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You might thank your nose for letting you experience the lovely aromas of a good soup, but you probably wouldn't think to thank it for helping you experience other people's emotions!

Hosted by: Hank Green
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The first 1,000 people to click  the link in the description can get a one month free trial of  Skillshare’s Premium Membership. [♪ INTRO] We humans have our noses to thank  for our powerful sense of smell. Most of us, at least, can use our  noses to tell that dinner is ready or that there’s a gas leak.

It can save our lives! But our noses also do a lot of work  they don’t get as much credit for. They pick up chemical cues that  affect us on a subconscious level.

And yet, those cues may play an  important role in our social interactions and our personal well-being -- even  though we have no idea it’s happening. Now, in the past, smell hasn’t gotten  much press compared to our other senses. But a lot of recent research  suggests that our sense of smell is far more important than we first realized.

One big clue is the fact that  we humans are pretty smelly compared to our closest ape relatives. And not for nothing! Our B.

O. reflects a combination of factors, like our genetics, our diet,  and our emotional state. This can all be important information, and  like it or not, our sweat can carry that information to other members of our  species… with no effort on our part. When you smell someone’s BO, your brain  processes the chemical information it contains, and one thing it can  do is influence your emotions.

Among social species like  humans, emotional contagion, or the ability to transmit emotions  from one individual to another through the senses, is common—and pretty useful! For instance, if one individual  sees some danger, like a predator, and starts giving off fear signals,  others may pick up those signals and have a better chance of protecting themselves. Plenty of studies have shown that  humans and other social species transmit emotions through visual cues, like  facial expressions and body language.

And studies had also shown that certain  animals transmit emotions like fear through invisible cues in their  scent, known as chemosignals. So some scientists wondered how much  these chemosignals might play a role in emotional contagion among humans. In a 2012 study, one team of researchers  designed an experiment to find out.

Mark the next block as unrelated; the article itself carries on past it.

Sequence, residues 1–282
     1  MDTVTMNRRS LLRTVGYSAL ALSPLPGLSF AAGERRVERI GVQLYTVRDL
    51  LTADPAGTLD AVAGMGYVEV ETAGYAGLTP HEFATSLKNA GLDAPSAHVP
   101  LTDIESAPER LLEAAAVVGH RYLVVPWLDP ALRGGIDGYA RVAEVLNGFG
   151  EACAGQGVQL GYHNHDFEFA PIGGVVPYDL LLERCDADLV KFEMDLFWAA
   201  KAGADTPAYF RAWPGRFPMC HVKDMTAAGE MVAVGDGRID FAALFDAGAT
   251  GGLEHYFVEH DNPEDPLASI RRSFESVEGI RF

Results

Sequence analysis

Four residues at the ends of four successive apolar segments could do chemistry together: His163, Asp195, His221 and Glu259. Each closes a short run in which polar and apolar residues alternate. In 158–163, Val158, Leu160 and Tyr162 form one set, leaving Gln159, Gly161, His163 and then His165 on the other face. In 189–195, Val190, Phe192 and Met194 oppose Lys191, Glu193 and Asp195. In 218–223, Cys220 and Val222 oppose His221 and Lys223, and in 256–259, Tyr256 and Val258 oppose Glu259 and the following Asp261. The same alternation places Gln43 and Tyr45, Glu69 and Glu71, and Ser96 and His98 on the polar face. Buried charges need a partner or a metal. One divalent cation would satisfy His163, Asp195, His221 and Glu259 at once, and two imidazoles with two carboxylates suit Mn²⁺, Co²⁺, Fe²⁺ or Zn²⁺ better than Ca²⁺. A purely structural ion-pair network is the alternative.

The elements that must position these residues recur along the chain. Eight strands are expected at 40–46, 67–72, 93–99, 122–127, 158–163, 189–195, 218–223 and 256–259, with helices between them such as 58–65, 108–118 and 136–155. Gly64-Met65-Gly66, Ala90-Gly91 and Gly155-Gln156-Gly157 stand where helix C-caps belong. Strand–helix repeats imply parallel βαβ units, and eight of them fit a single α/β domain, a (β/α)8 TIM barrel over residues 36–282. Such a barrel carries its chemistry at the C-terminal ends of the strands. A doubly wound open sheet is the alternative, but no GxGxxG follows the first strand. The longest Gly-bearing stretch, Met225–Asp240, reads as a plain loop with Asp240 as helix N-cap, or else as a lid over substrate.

In it, one set of participants watched  videos that would provoke either fear or disgust, while wearing  sweat pads in their armpits. Afterward, a second set of participants  were asked to smell those sweat pads, and the experimenters recorded  their emotional state. Conveniently, the emotions of fear and disgust tend to provoke opposite physical responses.

When you’re scared, your body will typically try to take in more sensory information. So your face will open up  as you breathe more deeply and scan the environment with your eyes. On the other hand, when you’re disgusted, you’ll generally reject sensory information.

Like, you’ll walk past a row of portapotties  and you’ll scrunch up your face, take really shallow breaths, and look around less. Now, these reactions aren’t  always super visible to the eye, but by monitoring their eyes and facial movements, the researchers could tell which facial  muscles were activated in each person, and which emotional state  their expressions reflected. And the authors found that  participants who sniffed disgust sweat tended to display disgust, which  seems like a normal reaction when you’re sniffing sweat pads, but  also, those who sniffed fear sweat would also display fear.